What kind of an LGBT advocate will he be as mayor? Jack says that, even in a city like Washington where much has been accomplished, the fight for LGBT rights is far from over.  As mayor, Jack Evans will continue his advocacy on LGBT issues by increasing funding for health initiatives focused on LGBT people and youth, increasing workplace protections for transgender people, ensuring that same-sex married partners are treated equally under Medicaid, initiating LGBT sensitivity training for all District government employees, and including gender-orientation curriculum in the sex-education programs of the D.C. public schools.

For these reasons, Jack Evans is the right choice for mayor.

Dennis Bass was deputy executive director of Center for Science in the Public Interest from 1981 until he retired in 2012. He served on the Dupont Circle ANC from 1986 until 1995 and volunteered on every Jack Evans campaign since he first ran for Council in 1991.

5 Comments
  • I was one of the gay voters recruited in 1991 to work as a volunteer on Jack Evans’ campaign. (Amusingly I invited my then single best gal pal, a straight woman, to a fundraiser for Jack at Ellen Ratner’s Georgetown home, hoping to play yenta and introduce her to Mr. Evans. He assumed she was gay and kept referring to “her community,” though Ms. Ratner shared the assumption.). I don’t dispute Jack’s solidity on gay issues, though he did not support gay marriage in 1991. No Democrats did until years later. But I do wonder why someone like Jack Evans did not help expose the endemic corruption among elected Democrats and their bureaucracies in government that has so tarnished DC’s image across the country, why outsiders and nonDemocrats like Tim Day had to do this. I’m also trying to recall, now that he is finally willing to leave the city council on his own terms, whether he was one of the city council members who voted to nullify the term limits law passed by voters in a 1994 referendum by a 66% margin.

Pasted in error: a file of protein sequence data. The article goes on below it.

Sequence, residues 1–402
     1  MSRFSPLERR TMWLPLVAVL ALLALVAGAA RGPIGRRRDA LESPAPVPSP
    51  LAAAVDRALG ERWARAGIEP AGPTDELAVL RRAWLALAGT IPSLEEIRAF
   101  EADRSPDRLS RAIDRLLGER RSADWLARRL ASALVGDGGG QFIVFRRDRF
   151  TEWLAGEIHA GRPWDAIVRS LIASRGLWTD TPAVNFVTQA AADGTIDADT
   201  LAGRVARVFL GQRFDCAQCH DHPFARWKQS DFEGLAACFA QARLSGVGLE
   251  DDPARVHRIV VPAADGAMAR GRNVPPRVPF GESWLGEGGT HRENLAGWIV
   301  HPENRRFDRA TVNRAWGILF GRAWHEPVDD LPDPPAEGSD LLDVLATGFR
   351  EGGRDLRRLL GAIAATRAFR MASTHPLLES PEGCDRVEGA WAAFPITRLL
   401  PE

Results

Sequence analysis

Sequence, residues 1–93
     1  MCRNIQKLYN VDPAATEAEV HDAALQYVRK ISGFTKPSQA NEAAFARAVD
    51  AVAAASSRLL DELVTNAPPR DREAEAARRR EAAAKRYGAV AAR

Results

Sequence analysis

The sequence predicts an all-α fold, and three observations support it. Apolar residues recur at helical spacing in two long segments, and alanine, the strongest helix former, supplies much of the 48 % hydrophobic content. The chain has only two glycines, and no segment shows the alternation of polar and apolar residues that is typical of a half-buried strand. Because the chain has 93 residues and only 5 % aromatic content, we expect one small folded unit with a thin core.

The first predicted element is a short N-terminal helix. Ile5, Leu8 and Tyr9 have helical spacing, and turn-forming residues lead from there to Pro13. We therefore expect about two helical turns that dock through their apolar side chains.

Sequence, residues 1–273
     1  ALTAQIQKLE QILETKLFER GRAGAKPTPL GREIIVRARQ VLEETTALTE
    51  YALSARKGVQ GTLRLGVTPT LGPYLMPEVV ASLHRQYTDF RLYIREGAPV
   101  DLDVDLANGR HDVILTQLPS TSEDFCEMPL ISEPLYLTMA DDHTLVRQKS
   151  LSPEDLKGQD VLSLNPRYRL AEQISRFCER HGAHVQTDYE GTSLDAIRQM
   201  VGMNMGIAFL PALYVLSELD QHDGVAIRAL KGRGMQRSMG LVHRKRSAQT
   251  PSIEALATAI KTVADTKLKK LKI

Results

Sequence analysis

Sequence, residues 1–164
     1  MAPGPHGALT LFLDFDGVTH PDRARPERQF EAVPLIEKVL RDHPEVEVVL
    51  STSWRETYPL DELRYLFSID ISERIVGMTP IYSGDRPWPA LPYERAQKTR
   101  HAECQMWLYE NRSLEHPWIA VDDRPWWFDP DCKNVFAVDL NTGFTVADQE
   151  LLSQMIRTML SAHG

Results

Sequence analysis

• So Jack Evans is finally ready to leave office after having led the "nullification" of the term limits DC voters passed in 1994 by a 66% margin. That's irony. L'Etat, C'est Moi!

  • http://www.dcwatch.com/issues/termdefault.htm Jack Evans led the repeal of the 1994 term limits initiative passed by 66% of DC voters.

  • The writer does not grasp the fact that out-of-control federal spending is what has fueled all the expansion in the District. Every twentysomething in town will tell you that they "do strategy for a government contractor." And why does the District's CFO, Mr. Ghandi, still have his job after those women in the tax office walked off with millions of dollars, stolen in broad daylight over many years, right under his nose?

  • The writer does not grasp the fact that out-of-control federal spending is what has fueled all the expansion in the District. Every twentysomething in town will tell you that they "do strategy for a government contractor." And why does the District's CFO, Mr. Ghandi, still have his job after those women in the tax office walked off with millions of dollars, stolen in broad daylight over many years, right under his nose?